In a bit of news that’s unfortunately not an April Fool’s joke, a US District Court has ruled that AMD must face claims from investors over potential securities fraud committed by the company.

At the heart of the matter is AMD’s Llano APU. Launched in 2011, in Q3 of 2012 AMD had to take an inventory write-down of $100 million on unsold Llano inventory, as the company had to further reduce prices on the chips in order to sell them in the face of competition from Intel along with the ramp-up of their own Trinity APUs. The writedown in this case did not directly cost the company $100M, but it essentially reduced the value of the company by that much to AMD’s shareholders, whose stock in turn suffered a hit in value.

What makes this writedown lawsuit material are the events that led up to it and how AMD handled it. The participating investors are accusing AMD of committing securities fraud over how they presented the state of Llano production. The suit claims that Llano production was not as strong as AMD was claiming – a consequence of supply issues with GlobalFoundries’ 32nm process – and as a result AMD artificially inflated the value of the company in 2011 and 2012, and in the process produced too many Llano chips once GlobalFoundries was finally able to catch up. This in turn led to AMD’s $100M writedown and overall decline in value of the company and its stock price (with AMD losing about ¾ of its peak value in 2012).

These types of lawsuits are not particularly uncommon, especially as institutional investors seek restitution for money they lost from the drop in stock price. That said, today’s ruling is only over whether the lawsuit can go to trial and not over the validity of the claims themselves, never mind what specifically the investors are asking for. So it is likely that the actual lawsuit will take quite a bit longer to resolve.

Source: Reuters (via SH SOTN)

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  • chizow - Thursday, April 2, 2015 - link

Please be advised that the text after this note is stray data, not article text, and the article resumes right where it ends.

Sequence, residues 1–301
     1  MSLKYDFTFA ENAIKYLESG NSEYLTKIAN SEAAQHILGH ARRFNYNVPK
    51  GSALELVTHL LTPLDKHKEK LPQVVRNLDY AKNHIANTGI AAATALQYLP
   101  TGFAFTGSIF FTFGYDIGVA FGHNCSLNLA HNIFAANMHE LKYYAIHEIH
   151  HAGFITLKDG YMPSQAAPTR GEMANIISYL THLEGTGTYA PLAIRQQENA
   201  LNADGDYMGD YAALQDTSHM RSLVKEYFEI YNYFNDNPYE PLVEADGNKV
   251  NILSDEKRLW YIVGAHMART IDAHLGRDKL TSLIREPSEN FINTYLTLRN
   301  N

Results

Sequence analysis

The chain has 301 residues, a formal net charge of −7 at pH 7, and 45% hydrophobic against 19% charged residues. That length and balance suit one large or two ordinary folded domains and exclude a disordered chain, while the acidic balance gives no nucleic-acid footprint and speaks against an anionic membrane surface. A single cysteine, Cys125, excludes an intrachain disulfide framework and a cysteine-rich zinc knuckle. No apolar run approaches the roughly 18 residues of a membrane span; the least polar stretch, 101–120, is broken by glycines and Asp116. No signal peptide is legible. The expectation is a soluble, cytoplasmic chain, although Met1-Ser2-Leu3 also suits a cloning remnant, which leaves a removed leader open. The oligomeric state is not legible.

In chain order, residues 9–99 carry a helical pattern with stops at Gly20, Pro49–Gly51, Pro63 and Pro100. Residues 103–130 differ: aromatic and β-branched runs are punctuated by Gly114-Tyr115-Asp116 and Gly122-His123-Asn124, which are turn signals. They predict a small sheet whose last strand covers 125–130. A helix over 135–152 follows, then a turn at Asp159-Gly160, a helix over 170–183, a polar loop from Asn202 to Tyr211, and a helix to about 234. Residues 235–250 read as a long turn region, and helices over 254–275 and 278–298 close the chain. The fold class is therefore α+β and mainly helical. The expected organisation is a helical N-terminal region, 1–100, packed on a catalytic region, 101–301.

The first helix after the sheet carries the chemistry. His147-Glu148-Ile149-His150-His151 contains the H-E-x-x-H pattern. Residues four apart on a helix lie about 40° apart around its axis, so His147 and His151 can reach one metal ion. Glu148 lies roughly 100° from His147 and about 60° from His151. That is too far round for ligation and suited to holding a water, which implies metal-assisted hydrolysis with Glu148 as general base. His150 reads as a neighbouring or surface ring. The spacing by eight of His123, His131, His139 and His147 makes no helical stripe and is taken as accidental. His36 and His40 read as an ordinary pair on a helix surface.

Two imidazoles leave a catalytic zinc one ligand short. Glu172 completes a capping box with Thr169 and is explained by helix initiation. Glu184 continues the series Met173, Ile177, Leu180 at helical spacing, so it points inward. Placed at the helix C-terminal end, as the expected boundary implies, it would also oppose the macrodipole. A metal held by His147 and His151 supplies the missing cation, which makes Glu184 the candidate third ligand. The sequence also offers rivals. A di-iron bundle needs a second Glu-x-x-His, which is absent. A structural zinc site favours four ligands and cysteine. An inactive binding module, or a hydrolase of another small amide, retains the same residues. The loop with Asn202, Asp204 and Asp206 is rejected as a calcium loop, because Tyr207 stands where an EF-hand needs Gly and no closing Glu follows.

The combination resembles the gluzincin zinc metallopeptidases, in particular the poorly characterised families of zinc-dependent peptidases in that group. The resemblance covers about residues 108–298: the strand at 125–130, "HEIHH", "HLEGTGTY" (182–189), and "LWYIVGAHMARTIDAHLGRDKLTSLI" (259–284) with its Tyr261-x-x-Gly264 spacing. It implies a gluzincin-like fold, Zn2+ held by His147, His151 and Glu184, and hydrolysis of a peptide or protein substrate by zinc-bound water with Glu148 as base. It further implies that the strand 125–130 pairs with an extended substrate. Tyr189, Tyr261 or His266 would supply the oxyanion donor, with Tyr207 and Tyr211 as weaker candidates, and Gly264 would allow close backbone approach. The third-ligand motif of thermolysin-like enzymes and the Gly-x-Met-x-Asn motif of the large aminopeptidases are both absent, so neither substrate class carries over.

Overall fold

This is just a case of incomplete reporting, from the actual transcripts and original stories on the lawsuits it goes like this:

    AMD and most of their executives of the time (including former CEO Read and CFO Seifert ) are on record in conf calls to shareholders saying that Llano *DEMAND* was impossible to meet due to overwhelming response from the channel/market. They did cite some production issues, but the key was that they misrepresented *DEMAND* of the Llano APU, leading investors to believe these things were flying off the shelves and as soon as production ramped, there would be a significant spike in AMD's revenues/profits. Indeed, there was press coverage of this that gave AMD shareholders and supports alike hope that they may have turned the corner and that the APU was a successful venture for AMD. Given they paid so dearly for ATI, that was the hope, anyways.

    However, once manufacturing/supply issues were sorted out, the reality was that there was very LITTLE DEMAND for the chip, leading to huge inventory surplus and ultimately, the write downs detailed in the article above. Llano chips were probably put into the same landfill as Atari's ET game because there was no demand for these chips and AMD quickly replaced it with Trinity shortly afterwards.